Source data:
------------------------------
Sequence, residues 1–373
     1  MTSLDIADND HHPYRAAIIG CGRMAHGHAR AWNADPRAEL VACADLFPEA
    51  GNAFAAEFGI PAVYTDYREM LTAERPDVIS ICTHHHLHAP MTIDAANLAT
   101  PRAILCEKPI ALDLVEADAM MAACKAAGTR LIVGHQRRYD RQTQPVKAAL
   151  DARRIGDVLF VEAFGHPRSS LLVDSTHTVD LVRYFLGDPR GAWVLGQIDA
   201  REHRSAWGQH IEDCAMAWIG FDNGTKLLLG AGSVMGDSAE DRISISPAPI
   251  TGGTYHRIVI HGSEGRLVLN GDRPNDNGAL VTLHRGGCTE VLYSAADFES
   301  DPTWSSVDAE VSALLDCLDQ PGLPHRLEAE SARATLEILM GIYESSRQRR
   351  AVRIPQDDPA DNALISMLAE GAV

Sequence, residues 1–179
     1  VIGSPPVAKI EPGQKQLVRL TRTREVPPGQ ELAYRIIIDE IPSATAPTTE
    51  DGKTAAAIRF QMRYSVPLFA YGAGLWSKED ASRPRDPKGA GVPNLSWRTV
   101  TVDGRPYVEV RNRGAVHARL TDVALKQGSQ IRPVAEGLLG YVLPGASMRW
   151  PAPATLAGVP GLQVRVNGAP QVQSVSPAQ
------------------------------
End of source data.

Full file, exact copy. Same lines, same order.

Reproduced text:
Sequence, residues 1–373
     1  MTSLDIADND HHPYRAAIIG CGRMAHGHAR AWNADPRAEL VACADLFPEA
    51  GNAFAAEFGI PAVYTDYREM LTAERPDVIS ICTHHHLHAP MTIDAANLAT
   101  PRAILCEKPI ALDLVEADAM MAACKAAGTR LIVGHQRRYD RQTQPVKAAL
   151  DARRIGDVLF VEAFGHPRSS LLVDSTHTVD LVRYFLGDPR GAWVLGQIDA
   201  REHRSAWGQH IEDCAMAWIG FDNGTKLLLG AGSVMGDSAE DRISISPAPI
   251  TGGTYHRIVI HGSEGRLVLN GDRPNDNGAL VTLHRGGCTE VLYSAADFES
   301  DPTWSSVDAE VSALLDCLDQ PGLPHRLEAE SARATLEILM GIYESSRQRR
   351  AVRIPQDDPA DNALISMLAE GAV

Sequence, residues 1–179
     1  VIGSPPVAKI EPGQKQLVRL TRTREVPPGQ ELAYRIIIDE IPSATAPTTE
    51  DGKTAAAIRF QMRYSVPLFA YGAGLWSKED ASRPRDPKGA GVPNLSWRTV
   101  TVDGRPYVEV RNRGAVHARL TDVALKQGSQ IRPVAEGLLG YVLPGASMRW
   151  PAPATLAGVP GLQVRVNGAP QVQSVSPAQ